In an interview, Amr Adly discusses his recent Carnegie paper on Egypt’s large private enterprises.
In a podcast, Carnegie Middle East scholars discuss a new report on the state of the Arab world.
Why is a marriage question dividing Abdel-Fattah al-Sisi and Sheikh Ahmad al-Tayyib?
Donald Trump’s immigration ban has angered many Arabs, but not their leaders.
Carnegie Middle East announces the release of a major new report on the state of the Arab world.
Designating the Muslim Brotherhood a foreign terrorist organization may actually backfire.
The strengthening of authoritarianism is especially visible in the margins of the Egyptian state.
In an interview, renowned photographer Don McCullin looks back on his career and memories from the Middle East.
Donald Trump would lose by giving Abdel-Fattah al-Sisi what he wants.
In an interview, Stéphane Lacroix talks about his recent Carnegie paper on Egypt’s Hizb al-Nour
The United States is probably not going the way of Egypt, despite some similarities.
The ruling establishment claims to defend the people even as its actions target the people.
On the eve of the U.S. election, Carnegie’s Maha Yahya explains what it may mean for the region.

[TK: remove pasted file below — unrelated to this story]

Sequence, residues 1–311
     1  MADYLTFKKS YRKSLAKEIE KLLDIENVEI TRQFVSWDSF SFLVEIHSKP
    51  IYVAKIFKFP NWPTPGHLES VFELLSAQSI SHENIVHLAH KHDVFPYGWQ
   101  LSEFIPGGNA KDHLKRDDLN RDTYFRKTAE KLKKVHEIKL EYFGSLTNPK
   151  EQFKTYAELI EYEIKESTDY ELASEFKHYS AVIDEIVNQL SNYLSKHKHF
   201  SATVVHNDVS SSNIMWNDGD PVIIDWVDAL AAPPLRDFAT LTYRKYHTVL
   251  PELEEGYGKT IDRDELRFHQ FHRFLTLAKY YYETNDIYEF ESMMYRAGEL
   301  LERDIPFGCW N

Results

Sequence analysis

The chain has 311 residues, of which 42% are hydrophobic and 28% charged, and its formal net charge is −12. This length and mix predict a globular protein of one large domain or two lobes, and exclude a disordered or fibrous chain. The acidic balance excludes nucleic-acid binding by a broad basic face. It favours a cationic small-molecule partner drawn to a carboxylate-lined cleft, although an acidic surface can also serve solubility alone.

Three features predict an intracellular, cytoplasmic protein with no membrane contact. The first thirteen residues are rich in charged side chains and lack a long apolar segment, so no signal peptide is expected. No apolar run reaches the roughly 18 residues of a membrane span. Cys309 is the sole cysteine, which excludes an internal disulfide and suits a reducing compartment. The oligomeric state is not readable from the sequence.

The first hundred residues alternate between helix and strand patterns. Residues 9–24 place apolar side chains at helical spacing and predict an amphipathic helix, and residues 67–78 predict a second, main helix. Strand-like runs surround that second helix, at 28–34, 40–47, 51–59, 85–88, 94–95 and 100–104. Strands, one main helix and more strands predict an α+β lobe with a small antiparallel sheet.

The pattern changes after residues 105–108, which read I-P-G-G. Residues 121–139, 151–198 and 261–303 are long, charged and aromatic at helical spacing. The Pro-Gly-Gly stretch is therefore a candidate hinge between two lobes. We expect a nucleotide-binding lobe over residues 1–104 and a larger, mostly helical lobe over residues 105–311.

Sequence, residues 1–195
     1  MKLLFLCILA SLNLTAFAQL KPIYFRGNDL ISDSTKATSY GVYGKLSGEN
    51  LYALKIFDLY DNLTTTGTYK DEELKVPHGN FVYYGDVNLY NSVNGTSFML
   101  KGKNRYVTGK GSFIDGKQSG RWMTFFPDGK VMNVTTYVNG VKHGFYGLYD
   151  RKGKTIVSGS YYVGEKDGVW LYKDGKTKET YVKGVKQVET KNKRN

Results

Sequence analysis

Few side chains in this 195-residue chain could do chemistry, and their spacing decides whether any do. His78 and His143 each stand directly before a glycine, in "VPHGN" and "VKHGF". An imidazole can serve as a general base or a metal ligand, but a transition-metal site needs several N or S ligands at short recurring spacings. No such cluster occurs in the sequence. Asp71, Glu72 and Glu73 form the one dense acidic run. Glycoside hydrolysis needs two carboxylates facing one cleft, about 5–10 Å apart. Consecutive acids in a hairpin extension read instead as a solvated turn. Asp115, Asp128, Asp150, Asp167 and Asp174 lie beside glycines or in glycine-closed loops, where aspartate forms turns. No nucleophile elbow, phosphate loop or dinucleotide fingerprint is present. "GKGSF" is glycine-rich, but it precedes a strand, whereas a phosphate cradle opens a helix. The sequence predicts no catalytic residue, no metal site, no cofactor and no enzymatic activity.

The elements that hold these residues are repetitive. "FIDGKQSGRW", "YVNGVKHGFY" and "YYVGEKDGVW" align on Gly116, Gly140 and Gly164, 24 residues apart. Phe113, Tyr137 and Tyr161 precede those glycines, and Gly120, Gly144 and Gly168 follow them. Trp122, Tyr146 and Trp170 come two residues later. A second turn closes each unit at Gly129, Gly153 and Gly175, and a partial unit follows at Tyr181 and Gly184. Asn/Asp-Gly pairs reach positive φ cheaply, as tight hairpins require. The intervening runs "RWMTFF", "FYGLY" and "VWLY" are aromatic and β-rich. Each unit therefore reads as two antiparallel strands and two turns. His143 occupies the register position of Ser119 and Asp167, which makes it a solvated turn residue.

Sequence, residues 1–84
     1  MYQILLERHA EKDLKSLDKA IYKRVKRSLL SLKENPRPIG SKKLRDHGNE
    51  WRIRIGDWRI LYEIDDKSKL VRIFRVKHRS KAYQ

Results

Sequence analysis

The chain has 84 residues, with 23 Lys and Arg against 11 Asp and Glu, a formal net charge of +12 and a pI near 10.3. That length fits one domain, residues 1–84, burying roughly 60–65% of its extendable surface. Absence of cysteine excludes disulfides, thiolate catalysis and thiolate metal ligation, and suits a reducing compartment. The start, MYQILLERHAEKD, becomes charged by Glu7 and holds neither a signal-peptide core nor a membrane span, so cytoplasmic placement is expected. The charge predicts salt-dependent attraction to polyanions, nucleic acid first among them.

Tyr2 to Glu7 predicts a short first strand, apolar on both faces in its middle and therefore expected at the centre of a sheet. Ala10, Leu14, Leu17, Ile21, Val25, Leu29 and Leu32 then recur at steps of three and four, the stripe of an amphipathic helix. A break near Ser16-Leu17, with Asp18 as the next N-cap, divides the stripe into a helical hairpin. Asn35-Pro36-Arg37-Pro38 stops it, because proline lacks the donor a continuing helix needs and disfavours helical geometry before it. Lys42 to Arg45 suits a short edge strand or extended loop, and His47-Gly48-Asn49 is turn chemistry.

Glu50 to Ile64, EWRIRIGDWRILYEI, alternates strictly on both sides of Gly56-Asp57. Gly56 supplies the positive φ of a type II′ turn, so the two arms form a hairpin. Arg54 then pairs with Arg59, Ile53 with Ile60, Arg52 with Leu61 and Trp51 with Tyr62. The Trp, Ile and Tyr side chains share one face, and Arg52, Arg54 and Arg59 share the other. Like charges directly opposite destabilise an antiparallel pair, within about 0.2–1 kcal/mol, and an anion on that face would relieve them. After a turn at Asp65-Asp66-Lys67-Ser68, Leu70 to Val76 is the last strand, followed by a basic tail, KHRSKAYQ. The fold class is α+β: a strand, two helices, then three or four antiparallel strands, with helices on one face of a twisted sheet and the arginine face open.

Egypt’s Supreme Constitutional Court is preparing for a series of sensitive cases.
The latest from Egypt’s government is that pessimism is a crime.
Egypt’s new capital is likely to be another urban failure.
Parliament has moved on church-building in Egypt, but it is unlikely to be enough.
The question is not whether the Sisi regime will last, but the kind of regime that is likely to emerge from Egypt’s economic turmoil.
Lack of an overall strategy for Egypt’s economic development is enabling multiple military interest groups to pursue their own separate and potentially conflicting agendas.
The new United Nations peace process for Syria will operate on two tracks with the hope of building the necessary critical mass to stem the violence.